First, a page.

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Table 7 Fixed-effects and first-differenced models

From: Immigration and wages: new evidence from the African American Great Migration

   OLS IV
   Black White Black White
Fixed effects          
Annual wages Prop. Southern −0.276 0.212 1.354*** 1.413*** −6.675* −3.420 −1.373 −0.862
   (1.948) (1.345) (0.405) (0.299) (3.731) (5.360) (2.993) (4.749)
  Observations 3150 3150 148,303 141,642 3110 3110 143,248 137,752
  Clusters 29 29 100 92 28 28 80 78
  Covariates N Y N Y N Y N Y
Weekly wages Prop. Southern −1.193 −0.488 0.847** 0.908*** −4.339 −6.411 −0.217 0.958
   (0.839) (1.053) (0.366) (0.309) (2.817) (4.691) (1.680) (4.202)
  Observations 3135 3135 147,855 141,232 3095 3095 142,825 (0.839)
  Clusters 29 29 100 92 28 28 80 78
  Covariates N Y N Y N Y N Y
First differences          
Annual wages Prop. Southern −0.188 0.445 0.254 0.297 −9.796*** −7.385** 17.00 −6.143
   (2.154) (2.150) (0.253) (0.372) (2.584) (2.905) (135.7) (8.574)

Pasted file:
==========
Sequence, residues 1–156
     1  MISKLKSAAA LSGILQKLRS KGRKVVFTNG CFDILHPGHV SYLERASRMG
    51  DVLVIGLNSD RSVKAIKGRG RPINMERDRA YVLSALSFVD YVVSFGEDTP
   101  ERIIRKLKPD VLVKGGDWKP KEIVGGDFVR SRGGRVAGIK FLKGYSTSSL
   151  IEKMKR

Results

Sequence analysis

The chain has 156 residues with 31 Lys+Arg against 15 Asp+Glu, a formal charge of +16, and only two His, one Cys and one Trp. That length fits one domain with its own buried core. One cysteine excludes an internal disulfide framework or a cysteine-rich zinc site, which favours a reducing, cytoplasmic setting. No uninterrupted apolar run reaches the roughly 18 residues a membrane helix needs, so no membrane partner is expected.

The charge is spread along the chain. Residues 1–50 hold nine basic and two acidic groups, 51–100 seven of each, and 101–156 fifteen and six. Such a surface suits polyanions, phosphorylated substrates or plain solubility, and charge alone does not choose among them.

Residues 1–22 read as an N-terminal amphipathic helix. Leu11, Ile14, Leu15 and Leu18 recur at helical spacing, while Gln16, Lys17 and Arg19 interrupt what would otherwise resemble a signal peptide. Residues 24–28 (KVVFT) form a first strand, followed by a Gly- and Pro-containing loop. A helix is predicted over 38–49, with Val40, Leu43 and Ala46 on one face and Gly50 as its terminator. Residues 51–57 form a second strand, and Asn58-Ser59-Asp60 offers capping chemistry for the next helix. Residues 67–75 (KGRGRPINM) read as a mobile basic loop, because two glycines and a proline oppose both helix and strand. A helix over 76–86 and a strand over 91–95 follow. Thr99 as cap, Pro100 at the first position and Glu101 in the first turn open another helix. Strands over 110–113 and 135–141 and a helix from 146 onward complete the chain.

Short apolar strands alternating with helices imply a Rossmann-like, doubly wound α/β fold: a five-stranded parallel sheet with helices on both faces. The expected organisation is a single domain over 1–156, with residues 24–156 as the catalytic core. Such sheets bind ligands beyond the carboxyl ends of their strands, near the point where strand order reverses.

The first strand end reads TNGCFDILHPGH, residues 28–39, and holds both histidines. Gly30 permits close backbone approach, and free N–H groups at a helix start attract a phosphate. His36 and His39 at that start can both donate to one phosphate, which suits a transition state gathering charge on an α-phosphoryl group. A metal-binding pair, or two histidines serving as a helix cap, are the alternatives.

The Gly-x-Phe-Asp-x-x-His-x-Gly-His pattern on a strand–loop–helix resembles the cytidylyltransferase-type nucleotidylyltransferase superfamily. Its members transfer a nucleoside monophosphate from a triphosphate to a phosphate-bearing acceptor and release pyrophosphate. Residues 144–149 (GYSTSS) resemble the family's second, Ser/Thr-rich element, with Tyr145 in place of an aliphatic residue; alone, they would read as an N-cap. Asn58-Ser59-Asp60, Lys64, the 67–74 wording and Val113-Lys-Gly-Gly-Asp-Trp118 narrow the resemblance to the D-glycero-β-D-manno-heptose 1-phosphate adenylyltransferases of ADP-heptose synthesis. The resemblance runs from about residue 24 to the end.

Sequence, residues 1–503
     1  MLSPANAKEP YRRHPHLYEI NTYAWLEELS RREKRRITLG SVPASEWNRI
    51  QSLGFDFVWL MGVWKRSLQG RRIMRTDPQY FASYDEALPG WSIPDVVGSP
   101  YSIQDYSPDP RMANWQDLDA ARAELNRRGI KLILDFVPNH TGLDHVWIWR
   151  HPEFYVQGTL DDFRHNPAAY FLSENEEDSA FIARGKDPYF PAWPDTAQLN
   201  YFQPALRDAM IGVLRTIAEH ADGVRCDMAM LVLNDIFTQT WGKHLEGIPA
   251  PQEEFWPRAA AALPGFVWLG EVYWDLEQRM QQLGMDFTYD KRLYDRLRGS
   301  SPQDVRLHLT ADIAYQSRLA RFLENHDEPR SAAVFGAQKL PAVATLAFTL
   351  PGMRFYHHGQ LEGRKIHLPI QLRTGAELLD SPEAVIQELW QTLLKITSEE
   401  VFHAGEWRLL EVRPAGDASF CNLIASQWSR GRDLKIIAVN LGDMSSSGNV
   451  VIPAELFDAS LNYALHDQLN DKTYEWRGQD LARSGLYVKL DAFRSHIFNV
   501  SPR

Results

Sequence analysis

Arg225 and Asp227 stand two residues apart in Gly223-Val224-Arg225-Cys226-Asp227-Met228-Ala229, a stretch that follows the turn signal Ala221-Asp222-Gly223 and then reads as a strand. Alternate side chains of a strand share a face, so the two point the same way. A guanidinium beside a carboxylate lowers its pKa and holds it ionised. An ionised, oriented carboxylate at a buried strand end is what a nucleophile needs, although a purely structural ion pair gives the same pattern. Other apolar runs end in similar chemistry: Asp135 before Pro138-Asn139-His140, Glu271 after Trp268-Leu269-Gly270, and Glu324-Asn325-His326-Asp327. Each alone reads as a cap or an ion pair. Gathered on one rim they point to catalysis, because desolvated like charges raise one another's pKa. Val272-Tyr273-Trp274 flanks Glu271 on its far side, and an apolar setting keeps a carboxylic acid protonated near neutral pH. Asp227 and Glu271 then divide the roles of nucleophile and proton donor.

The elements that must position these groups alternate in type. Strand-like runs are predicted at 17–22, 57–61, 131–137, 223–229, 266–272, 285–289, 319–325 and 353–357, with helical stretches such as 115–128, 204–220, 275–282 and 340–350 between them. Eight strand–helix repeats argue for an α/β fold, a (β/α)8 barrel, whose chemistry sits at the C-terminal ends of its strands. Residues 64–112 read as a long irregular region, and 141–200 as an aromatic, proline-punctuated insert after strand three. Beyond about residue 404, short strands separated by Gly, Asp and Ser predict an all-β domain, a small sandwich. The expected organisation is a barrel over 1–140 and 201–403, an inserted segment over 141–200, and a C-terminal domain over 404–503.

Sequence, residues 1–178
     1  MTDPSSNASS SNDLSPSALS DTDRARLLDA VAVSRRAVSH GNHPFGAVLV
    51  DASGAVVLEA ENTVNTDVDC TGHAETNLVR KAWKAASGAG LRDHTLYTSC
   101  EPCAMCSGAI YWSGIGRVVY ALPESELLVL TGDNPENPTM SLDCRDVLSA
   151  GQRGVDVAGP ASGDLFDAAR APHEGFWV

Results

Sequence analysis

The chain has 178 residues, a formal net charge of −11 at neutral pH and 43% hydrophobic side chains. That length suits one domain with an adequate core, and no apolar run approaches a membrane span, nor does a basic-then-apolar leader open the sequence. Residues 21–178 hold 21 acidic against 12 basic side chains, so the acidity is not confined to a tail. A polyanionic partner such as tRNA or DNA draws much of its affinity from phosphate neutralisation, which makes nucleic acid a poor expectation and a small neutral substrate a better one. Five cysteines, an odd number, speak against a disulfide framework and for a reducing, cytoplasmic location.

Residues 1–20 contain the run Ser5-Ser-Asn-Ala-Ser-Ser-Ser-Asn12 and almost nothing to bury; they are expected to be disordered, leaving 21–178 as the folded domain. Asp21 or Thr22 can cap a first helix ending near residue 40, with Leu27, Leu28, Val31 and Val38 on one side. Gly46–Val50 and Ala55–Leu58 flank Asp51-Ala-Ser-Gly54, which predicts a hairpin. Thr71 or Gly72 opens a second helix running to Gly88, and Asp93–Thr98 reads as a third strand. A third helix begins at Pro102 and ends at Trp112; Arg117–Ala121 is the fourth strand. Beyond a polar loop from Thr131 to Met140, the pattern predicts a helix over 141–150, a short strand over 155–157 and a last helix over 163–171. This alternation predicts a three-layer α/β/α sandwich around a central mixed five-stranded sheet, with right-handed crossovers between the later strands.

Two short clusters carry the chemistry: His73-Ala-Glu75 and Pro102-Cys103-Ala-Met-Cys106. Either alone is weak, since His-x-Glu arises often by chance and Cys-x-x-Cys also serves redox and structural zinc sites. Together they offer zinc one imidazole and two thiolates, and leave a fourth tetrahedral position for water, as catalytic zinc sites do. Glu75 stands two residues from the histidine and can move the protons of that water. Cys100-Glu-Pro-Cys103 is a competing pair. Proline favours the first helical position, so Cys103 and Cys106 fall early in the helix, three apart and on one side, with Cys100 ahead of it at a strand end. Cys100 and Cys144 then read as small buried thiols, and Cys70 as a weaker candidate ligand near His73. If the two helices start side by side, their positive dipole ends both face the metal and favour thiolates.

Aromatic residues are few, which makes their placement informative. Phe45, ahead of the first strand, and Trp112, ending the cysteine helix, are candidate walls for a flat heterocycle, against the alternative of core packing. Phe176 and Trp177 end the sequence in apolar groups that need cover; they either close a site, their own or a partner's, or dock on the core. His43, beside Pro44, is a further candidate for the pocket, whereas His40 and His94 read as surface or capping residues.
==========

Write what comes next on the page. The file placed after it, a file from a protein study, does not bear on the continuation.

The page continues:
Observations 21 21 93 67 20 20 59 59
  Covariates Y N Y N Y N Y N
Weekly wages Prop. Southern −0.144 0.154 0.0978 0.217 −5.490** −5.104** 15.35 −6.362
   (1.261) (1.294) (0.190) (0.275) (2.215) (2.262) (122.0) (8.788)
  Observations 21 21 93 67 20 20 59 59
  Covariates Y N Y N Y N Y N
  1. Notes: Covariates include white and black metro-level percent employed in manufacturing, percent farming and average years of education and well as indicators for age and educational attainment. The dependent variable for the first-differenced models is the mean residual from a regression of wages on indicators for age and educational attainment. Standard errors for the fixed-effects estimates are clustered at the metro level, for the first-differenced estimates they are heteroskedasticity robust
  2. “***”, “**”, and “*” denote significance at the 1, 5, and 10 % levels, respectively